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impossibility of distinguishing with absolute accuracy or certainty between relevant and irrelevant circumstances, and partly to our careless way of ignoring the distinction between different conditions so long as they are called by the same name. So long as we know merely that we have indigestion after breakfast ’ in all the cases mentioned, we cannot tell whether it was caused by the same thing every time or by different things; but if we took the trouble to find out each day how soon after the meal the attack arose, precisely how severe it was, how long it lasted, and every other observable detail, we should soon be able to say whether the trouble really was the same in all the cases, as our first, rough statement implied, or in fact quite different. cisely the same in every relevant respect, we could be quite sure that in each case the attack was caused by the same thing—namely, the eggs; but if we found constant variations in the symptoms, and if we could be sure (as we cannot) that variations in the things eaten for breakfast, as distinguished from previous conditions or the manner of eating, I were the only possible cause of these variations, and that the eggs eaten were all precisely alike in every essential respect, then we could be quite certain that the eggs were not the cause, or at least not the only cause, of the symptoms.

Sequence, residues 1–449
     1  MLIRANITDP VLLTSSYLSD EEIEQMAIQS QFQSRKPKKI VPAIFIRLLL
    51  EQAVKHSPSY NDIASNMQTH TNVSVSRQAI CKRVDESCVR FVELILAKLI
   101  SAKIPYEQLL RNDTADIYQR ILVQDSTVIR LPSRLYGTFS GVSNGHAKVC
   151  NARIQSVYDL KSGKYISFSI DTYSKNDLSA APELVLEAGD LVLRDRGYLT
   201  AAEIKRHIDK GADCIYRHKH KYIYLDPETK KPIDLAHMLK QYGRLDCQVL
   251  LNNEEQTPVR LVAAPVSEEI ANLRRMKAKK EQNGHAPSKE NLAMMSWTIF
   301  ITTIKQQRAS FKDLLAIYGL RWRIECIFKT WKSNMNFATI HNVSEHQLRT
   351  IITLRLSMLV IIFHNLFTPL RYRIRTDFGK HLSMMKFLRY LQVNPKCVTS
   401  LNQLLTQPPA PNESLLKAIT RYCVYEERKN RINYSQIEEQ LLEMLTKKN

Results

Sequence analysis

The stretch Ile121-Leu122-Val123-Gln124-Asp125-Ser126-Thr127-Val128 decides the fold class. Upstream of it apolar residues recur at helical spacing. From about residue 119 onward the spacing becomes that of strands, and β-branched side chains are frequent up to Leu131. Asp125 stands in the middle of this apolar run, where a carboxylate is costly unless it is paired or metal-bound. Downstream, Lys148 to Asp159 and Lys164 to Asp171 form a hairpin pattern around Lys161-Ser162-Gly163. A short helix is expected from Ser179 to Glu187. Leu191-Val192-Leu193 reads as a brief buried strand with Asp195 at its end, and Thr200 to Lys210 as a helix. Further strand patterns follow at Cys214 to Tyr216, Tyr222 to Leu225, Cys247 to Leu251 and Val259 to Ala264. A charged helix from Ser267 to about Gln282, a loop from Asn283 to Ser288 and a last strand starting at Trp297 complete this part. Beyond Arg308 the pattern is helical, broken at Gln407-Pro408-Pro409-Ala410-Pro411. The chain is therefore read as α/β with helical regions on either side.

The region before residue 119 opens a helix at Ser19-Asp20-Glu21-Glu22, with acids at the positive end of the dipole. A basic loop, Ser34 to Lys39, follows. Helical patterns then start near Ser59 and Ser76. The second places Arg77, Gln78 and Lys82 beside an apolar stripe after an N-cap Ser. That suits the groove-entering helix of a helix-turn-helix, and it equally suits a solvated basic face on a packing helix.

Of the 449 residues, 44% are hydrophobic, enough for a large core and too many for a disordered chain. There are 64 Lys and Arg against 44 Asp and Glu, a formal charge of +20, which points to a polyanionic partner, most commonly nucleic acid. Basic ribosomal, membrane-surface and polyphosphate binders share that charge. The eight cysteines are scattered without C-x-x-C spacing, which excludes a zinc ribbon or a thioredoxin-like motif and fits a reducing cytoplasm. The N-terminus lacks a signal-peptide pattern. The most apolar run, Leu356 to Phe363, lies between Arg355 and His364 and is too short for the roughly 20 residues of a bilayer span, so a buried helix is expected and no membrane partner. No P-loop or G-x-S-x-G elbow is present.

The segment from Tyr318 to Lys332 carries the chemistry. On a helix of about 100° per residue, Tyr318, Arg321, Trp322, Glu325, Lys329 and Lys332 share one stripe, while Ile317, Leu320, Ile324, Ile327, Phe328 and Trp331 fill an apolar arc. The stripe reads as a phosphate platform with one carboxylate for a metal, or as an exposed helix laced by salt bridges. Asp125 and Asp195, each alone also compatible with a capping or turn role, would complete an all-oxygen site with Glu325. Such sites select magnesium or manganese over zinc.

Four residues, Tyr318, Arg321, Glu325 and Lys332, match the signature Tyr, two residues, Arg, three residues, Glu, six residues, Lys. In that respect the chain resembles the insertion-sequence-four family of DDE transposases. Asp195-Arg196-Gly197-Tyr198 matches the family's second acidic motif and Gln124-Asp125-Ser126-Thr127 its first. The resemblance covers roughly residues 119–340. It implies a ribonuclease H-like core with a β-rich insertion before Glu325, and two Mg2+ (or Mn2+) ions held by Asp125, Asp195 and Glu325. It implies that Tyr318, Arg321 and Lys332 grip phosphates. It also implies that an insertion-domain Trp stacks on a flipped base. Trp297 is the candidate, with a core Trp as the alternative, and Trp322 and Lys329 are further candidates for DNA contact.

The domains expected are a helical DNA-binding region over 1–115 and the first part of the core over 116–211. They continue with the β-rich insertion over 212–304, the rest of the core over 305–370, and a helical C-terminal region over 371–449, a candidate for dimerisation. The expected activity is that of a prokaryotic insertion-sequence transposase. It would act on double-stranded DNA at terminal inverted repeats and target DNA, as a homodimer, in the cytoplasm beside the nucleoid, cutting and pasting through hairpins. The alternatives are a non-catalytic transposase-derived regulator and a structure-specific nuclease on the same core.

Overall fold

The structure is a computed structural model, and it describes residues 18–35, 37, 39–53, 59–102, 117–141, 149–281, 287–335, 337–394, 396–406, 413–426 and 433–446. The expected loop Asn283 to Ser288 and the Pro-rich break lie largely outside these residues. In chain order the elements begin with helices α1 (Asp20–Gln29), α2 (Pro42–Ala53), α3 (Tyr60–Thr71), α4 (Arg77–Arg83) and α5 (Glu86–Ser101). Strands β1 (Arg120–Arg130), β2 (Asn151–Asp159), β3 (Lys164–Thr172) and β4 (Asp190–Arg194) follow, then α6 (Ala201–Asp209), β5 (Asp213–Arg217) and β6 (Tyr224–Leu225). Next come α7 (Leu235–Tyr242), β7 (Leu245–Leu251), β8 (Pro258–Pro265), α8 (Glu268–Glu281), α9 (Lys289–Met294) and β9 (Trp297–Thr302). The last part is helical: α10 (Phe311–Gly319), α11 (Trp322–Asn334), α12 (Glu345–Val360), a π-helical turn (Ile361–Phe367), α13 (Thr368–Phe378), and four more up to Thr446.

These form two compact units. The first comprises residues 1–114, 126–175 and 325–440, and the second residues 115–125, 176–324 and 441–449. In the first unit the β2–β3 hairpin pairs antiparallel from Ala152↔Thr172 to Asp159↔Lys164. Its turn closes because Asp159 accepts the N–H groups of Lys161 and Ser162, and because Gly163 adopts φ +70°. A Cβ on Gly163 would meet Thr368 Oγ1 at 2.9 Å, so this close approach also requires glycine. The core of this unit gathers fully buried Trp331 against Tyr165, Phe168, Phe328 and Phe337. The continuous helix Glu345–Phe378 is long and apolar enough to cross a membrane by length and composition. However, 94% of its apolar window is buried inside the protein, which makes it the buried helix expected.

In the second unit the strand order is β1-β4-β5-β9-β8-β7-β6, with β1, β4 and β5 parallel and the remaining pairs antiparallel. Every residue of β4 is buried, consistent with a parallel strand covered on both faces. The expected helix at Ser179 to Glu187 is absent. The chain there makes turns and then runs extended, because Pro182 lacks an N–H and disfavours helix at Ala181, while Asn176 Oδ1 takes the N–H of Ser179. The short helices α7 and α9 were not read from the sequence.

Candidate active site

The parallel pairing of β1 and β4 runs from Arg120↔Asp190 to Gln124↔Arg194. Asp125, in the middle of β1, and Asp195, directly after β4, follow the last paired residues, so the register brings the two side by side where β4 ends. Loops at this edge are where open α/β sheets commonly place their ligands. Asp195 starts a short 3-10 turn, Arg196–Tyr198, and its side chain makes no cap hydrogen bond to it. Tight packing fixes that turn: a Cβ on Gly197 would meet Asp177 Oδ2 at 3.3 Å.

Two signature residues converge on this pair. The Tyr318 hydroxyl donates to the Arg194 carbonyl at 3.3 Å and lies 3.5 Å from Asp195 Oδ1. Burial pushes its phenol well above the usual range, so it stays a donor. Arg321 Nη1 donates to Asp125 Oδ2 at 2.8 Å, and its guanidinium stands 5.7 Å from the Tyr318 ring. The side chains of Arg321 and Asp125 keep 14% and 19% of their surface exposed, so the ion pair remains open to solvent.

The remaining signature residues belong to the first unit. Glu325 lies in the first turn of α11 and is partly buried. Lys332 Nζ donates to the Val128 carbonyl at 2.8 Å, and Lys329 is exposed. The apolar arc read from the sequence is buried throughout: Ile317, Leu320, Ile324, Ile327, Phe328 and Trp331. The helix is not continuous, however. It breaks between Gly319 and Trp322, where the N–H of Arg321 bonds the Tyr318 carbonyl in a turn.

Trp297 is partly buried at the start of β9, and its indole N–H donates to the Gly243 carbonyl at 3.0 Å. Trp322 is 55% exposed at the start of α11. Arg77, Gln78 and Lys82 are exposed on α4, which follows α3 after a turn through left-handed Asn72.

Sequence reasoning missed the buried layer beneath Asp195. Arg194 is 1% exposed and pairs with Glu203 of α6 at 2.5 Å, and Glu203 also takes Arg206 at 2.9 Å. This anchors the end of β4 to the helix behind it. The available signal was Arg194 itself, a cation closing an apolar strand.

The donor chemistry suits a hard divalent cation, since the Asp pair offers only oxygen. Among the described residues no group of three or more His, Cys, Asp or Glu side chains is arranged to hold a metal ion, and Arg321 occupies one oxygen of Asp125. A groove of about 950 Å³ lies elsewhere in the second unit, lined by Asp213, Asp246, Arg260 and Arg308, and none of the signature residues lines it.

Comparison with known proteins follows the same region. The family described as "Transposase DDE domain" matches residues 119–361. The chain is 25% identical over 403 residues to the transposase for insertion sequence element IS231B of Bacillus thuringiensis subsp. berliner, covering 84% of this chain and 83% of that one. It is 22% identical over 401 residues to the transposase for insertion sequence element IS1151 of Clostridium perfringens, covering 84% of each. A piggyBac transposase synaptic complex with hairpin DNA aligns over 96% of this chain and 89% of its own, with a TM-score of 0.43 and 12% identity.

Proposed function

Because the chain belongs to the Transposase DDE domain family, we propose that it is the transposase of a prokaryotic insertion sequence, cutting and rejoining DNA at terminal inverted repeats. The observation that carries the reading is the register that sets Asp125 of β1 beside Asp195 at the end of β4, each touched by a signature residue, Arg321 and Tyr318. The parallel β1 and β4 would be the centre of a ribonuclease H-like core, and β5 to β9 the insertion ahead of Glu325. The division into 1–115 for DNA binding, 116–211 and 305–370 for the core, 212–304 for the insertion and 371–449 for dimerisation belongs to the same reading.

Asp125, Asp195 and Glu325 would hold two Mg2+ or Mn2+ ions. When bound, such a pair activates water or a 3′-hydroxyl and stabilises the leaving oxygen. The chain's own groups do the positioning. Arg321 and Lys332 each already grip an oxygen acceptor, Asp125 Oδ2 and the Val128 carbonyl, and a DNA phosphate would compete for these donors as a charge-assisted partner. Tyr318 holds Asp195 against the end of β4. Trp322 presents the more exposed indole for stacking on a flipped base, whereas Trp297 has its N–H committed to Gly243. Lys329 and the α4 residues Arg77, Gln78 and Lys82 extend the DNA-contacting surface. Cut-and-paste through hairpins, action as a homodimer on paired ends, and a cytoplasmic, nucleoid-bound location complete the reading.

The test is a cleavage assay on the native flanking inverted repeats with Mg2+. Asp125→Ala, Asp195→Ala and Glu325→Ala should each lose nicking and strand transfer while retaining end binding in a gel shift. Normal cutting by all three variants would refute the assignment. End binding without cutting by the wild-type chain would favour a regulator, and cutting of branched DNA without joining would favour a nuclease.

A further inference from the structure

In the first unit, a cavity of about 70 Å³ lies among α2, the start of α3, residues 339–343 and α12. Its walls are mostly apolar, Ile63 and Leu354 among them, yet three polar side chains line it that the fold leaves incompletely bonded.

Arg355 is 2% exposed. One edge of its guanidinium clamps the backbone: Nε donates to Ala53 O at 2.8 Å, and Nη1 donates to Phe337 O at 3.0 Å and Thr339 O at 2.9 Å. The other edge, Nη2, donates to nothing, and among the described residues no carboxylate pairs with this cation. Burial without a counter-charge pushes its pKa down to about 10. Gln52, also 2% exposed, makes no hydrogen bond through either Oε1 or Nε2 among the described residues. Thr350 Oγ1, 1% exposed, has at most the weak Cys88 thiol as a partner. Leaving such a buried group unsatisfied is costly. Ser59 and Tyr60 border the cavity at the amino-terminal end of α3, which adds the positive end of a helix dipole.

Theoretically I think we must admit that no two causes in the world could be substituted for each other and leave precisely the same results everywhere; and therefore to a perfect intelligence dealing with perfect data there would be no such thing as a plurality of possible causes. I think we must admit, too, that in many cases where we seem to be confronted by such a plurality of possible causes the difficulty is due to careless and avoidable inaccuracy; but, on the other hand, I think it cannot be doubted that in most cases the difficulty is due to the fact that in this practical world we learn a great many things vaguely before we learn anything accurately ; so that when any particular question, such as the cause of indigestion, arises we cannot expect anybody to know everything else so well that he can distinguish the relevant antecedents and consequents from the irrelevant. In a purely hypothetical case a person might be supposed to know that his indigestion after breakfast had absolutely nothing to do with the supper he ate the evening before, or with the soundness of his sleep during the night, or with what he read in the morning newspaper, and so on; and yet not to know what really did cause it. But in most actual cases the facts are reversed and we have to know what caused the trouble before we can find out what circumstances were irrelevant—we cannot state our problem with refinement until we have solved it. And so the characteristic imperfection of the method of agreement remains. We can only say that the more we know to begin with and the more carefully we distinguish slight differences, the less trouble it will give.